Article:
Please add your support by leaving a comment endorsing this investigation. I intend to keep a focus on this topic until FINRA’s failures are fully exposed and people are held to account. Get your friends and colleagues to do the same. If we can create a groundswell of support, I feel confident I can get some selected media friends to pick this up. From there, I welcome leading this march to Washington.

The American public and American investors deserve nothing else.

Any questions. Please do not hesitate to ask here or write me at senseoncents@aol.com.

Who’s with me?

FINRA must be independently investigated. America needs to learn how the Wall Street cop was not only asleep, but also in bed with the financial industry as Wall Street brought America to the brink of disaster.

LD

Finra Talking Tough on Fraud, but ‘Talk Is Cheap’

Posted by Larry Doyle on June 24th, 2009 2:01 PM |

We can’t live in the past. It is not healthy to overly dwell on the past. Life is about the landscape in front of us. That said, unless we address, expose, and expunge the errors and omissions of the past, can we truly achieve the full potential of our future?

Our recent financial past has been filled with pitfalls and frauds. Wall Street’s self-regulator Finra is fully cognizant of investor concerns on this front. Finra recently launched a marketing campaign to address investor concerns. From Finra’s own website, Finra Launches Enhanced Investor Protection and Education Programs:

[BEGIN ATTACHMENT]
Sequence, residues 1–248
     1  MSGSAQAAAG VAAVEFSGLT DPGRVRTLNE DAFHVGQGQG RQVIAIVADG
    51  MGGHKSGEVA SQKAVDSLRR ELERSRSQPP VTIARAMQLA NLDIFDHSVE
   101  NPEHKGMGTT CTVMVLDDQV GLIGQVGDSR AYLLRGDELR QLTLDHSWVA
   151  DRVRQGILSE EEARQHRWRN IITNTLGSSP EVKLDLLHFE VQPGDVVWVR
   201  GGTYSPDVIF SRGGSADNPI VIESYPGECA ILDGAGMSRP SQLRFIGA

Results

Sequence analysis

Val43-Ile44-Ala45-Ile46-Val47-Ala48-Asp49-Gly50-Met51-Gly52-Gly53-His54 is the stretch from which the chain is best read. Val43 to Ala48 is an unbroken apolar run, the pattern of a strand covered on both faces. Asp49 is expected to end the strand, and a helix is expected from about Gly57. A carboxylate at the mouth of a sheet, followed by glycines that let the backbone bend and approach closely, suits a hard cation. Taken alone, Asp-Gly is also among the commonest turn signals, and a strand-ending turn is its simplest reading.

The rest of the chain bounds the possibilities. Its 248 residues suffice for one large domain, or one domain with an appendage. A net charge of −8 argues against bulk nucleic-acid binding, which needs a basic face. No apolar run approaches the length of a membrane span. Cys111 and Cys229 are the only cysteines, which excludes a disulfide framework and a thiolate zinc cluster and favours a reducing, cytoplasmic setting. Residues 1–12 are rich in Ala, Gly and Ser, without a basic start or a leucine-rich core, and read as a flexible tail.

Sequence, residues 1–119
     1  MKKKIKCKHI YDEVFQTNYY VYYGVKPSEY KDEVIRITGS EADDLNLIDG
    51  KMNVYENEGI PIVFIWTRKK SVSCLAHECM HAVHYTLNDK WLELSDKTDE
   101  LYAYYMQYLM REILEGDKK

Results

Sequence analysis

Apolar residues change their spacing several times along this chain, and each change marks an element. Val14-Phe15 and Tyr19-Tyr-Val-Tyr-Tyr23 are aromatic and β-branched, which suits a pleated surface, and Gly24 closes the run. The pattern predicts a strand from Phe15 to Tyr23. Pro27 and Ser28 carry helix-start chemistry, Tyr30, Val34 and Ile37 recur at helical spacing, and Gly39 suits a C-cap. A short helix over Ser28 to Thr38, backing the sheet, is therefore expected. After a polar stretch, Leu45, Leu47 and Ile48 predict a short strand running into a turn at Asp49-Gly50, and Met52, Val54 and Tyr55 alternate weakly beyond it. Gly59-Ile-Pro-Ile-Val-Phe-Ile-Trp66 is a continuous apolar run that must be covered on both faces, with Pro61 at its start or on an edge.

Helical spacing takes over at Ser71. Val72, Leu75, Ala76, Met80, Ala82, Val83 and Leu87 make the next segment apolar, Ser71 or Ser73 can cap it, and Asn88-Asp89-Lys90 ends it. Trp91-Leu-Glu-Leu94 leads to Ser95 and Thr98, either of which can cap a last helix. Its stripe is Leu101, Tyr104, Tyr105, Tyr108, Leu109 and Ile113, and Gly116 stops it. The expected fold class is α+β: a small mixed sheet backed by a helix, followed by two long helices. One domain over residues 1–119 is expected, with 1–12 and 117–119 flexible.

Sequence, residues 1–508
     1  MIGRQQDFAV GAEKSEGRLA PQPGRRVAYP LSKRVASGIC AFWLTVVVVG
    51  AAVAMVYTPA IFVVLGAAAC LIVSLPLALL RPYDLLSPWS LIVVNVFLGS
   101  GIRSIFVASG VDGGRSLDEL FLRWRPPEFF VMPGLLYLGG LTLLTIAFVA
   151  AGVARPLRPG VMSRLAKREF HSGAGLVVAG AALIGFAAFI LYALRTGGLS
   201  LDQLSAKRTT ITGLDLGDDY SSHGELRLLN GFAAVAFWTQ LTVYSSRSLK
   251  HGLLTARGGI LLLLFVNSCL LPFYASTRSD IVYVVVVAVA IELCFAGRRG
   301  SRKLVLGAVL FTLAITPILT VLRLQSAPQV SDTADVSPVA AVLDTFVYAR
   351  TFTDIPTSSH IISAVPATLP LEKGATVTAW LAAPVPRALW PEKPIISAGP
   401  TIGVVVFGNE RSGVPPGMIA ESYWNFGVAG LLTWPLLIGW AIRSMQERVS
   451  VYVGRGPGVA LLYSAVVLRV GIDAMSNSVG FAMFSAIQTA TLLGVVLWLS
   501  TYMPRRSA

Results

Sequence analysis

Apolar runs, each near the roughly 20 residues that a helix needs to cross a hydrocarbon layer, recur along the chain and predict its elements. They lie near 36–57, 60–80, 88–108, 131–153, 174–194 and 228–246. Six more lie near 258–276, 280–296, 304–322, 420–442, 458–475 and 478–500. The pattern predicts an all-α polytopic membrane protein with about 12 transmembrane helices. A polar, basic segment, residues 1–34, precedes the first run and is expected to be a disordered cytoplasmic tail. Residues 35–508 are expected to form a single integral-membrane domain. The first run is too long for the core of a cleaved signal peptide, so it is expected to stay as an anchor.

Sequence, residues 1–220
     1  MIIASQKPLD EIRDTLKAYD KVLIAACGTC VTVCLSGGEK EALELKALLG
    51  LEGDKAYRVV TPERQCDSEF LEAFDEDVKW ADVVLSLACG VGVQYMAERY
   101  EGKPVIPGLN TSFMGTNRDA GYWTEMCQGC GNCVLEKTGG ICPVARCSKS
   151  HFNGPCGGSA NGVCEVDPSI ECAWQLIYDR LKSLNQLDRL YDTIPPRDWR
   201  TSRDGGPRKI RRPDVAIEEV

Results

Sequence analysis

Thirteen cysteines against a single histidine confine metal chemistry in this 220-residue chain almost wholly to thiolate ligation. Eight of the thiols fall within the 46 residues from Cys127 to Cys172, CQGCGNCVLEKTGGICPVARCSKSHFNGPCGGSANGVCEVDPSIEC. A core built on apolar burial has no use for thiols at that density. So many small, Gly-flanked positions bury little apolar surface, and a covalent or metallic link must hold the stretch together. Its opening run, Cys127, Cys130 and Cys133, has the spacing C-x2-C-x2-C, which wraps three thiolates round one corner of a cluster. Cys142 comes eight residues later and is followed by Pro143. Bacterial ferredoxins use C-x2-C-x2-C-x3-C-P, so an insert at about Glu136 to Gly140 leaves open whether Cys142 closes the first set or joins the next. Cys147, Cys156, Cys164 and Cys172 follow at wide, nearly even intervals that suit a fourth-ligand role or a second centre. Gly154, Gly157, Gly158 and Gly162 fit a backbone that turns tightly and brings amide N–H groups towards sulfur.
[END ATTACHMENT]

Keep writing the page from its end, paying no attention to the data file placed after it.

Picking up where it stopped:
“Informing and educating investors is an essential component of our investor protection mission,” said FINRA Chairman and CEO Richard G. Ketchum. “The recent market turmoil makes it more important than ever that investors be aware of FINRA and the tools and resources that we provide to help them plan their financial futures, protect their interests and make informed investment decisions.”

The video, “Tricks of the Trade: Outsmarting Investment Fraud,” is a 60-minute broadcast-quality presentation on preventing investment fraud. Using profiles of victims and perpetrators, the video highlights the persuasion tactics that con artists use to defraud their victims and the basic tools investors need to defend against fraud. A trailer of the video is available at www.saveandinvest.org/tricksofthetrade; the full video will be released in July, but can be pre-ordered. “Tricks of the Trade: Outsmarting Investment Fraud” will also be distributed in public libraries throughout the country and shown at movie premieres in selected states.

Any legitimate initiatives to counteract fraudulent activities should be embraced. I welcome this initiative by Finra and hope it proves overwhelmingly successful. The Wall Street Journal expanded on this Finra initiative in writing, New Finra Ad Campaign Talks Tough On Fraud:

Do you think your broker a total fraudster? Afraid your retirement is in jeopardy?

Then meet Finra.

That still relatively unknown acronym stands for the Financial Industry Regulatory Authority, the self-funded watchdog for the brokerage industry. And in its new national advertising campaign, Finra is seeking to restore investor confidence by talking tough against the brokers that don’t “play by the rules.”